"The Blackening" follows seven Black friends reunited for a Juneteenth weekend getaway only to find themselves trapped in a remote cabin with a masked killer who forces them to play a twisted board game by his rules, which they soon realize ain't no mother ****** game. (Gary Reber)
Special features include commentary with Director Tim Story and Writers Tracy Oliver and Dewayne Perkins; five featurettes: "Do The Write Thing" (HD 13:32), "They Can't All Talk First" (HD 08:53), "Shall We Play A Game? (HD 03:50), "Cabin In The Woods" (HD 03:11) and "'Who's The Blackest?' Game Show" (HD 11:28); deleted Dewayne dance scene (HD 01:23), outtakes (HD 04:30), theatrical trailer and a digital copy.
The 2.39:1 2160p HEVC/H.265 4K Ultra HD HDR10 picture, reviewed on a VIZIO Quantum X P85QX-JI UHD/HDR display, was photographed digitally and sourced from a 4K Digital Intermediate. Picture quality is excellent with superb HDR contrast that delivers deep black levels, revealing shadow delineation and natural white levels. The color palette is nicely saturated with natural warm and rich hues that appear perfectly realistic. Flesh tones are perfectly natural throughout, even in the predominant dark scenes. Spot lighting is creative and effective in illuminating characters and their facial features. Resolution is superb with fine detail exhibited throughout. The production design of the interior of the cabin is complex with great textural detail. Facial features exhibit excellent skin definition, mustaches, beards and hair. Clothing highlights are texturally revealing. Objects are well defined as well. This is a great looking picture that is set in a dark environment with excellent lighting effects. (Gary Reber)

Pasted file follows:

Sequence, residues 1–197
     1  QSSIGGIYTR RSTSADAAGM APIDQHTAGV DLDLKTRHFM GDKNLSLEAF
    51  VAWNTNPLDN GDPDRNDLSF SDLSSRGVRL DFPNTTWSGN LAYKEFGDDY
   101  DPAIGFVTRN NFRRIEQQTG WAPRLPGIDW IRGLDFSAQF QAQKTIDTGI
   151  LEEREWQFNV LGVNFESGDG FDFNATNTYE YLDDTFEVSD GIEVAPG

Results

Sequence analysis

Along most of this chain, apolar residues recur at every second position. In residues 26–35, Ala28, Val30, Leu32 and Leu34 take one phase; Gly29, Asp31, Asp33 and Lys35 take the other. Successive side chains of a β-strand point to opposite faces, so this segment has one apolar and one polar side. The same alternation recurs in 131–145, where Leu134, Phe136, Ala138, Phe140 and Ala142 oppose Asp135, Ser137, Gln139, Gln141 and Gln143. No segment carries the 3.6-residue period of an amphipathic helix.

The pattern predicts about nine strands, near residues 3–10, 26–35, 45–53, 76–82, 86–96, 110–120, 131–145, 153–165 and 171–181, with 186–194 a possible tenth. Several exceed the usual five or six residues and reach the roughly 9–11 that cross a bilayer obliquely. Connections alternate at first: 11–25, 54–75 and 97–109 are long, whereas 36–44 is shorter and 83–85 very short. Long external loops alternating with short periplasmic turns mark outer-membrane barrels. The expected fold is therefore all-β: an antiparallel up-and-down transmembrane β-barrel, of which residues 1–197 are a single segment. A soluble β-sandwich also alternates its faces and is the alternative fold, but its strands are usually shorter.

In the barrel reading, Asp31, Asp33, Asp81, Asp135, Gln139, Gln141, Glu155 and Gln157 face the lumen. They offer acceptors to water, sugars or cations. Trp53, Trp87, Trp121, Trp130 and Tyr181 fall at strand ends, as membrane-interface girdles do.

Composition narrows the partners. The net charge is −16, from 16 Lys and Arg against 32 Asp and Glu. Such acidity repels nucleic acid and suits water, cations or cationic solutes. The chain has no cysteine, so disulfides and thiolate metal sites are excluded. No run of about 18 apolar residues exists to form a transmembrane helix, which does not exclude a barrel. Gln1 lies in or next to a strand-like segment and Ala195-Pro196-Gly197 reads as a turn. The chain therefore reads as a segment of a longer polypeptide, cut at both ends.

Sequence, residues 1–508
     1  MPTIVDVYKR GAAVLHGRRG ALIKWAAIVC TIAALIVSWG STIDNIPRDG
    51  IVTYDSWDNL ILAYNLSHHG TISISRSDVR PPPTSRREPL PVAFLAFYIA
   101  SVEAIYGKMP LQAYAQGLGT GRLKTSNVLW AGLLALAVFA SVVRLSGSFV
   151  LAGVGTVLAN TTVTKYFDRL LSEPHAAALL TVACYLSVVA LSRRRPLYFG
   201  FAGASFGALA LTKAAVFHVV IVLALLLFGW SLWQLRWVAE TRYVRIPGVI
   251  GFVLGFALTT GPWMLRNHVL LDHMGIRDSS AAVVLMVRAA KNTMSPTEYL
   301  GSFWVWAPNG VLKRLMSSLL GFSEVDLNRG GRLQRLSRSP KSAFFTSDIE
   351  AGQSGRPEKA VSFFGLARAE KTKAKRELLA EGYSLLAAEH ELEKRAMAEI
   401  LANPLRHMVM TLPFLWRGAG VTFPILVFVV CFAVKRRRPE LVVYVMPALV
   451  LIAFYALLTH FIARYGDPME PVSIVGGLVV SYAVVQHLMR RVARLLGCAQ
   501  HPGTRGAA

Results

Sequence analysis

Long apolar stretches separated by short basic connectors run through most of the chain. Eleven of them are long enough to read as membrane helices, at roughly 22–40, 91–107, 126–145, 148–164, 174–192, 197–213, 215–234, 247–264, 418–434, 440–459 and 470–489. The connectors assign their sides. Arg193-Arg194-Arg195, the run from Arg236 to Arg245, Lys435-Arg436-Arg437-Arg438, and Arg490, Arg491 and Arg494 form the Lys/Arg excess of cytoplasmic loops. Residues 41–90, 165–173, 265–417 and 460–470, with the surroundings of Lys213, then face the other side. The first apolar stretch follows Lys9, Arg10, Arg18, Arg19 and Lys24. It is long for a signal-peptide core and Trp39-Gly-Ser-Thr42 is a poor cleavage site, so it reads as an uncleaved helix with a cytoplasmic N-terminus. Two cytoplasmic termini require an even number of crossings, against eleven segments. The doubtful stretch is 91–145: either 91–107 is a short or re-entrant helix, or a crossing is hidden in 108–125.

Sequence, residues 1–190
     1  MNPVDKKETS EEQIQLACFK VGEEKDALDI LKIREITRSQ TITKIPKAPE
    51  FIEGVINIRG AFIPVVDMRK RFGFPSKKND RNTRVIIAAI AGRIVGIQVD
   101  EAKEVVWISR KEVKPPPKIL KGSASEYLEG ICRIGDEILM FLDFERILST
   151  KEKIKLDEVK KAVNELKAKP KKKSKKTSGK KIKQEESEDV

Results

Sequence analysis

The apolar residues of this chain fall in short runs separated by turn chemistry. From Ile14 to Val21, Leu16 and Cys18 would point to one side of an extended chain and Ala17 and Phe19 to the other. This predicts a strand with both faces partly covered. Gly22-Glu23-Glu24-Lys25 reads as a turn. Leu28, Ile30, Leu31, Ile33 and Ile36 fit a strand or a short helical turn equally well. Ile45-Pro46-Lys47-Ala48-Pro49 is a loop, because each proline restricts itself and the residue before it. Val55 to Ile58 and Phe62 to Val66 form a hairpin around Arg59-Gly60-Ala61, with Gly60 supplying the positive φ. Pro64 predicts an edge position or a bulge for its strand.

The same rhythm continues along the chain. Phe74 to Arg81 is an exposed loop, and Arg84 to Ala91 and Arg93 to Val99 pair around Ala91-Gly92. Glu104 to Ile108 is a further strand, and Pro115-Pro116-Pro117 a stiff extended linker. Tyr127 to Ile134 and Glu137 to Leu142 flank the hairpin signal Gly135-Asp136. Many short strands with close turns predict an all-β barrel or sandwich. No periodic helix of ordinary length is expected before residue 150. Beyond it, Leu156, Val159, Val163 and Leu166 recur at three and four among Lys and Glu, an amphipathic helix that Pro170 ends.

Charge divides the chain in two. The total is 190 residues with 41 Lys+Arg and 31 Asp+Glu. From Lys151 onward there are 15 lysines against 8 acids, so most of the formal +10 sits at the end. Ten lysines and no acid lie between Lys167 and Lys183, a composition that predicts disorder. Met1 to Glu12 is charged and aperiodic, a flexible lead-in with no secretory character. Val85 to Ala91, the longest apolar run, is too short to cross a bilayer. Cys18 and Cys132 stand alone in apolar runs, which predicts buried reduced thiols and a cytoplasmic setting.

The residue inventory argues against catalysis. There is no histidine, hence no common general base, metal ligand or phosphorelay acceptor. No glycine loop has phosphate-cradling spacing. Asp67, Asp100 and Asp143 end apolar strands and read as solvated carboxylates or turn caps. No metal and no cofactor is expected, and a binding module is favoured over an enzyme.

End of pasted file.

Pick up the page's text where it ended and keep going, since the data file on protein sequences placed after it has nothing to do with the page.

The Dolby Atmos/Dolby TrueHD 7.1-channel soundtrack is dynamic sounding with lots of sound effects supported with deep and at times sub-25 bass that adds weight to the directionalized sonics. Atmospherics also are realistic sounding. The orchestral score is powerful, dynamic and with an aggressive enveloping surround presence throughout with directionalized instrumentation supported with creative sound effects. Along with dialogue the music and effects, including Foley sound effects deliver superb fidelity. Dialogue is nicely recorded, apparently using body microphones for clarity, though the result is a bit forward sounding and wanting in spatial integration. In the enclosed "game room," sound effect directionality is excellent, even in the case of the voice that startlingly emanates from the game's figurehead.
The Immersive Sound element is comprised of an aggressive extension of the orchestral score, at times the game's voice, a variety of sound effects and atmospherics. This is a very effective height layer experience that enhances the soundfield's dimensional space.
This is a well-crafted aggressive holosonic® spherical surround soundtrack. (Gary Reber)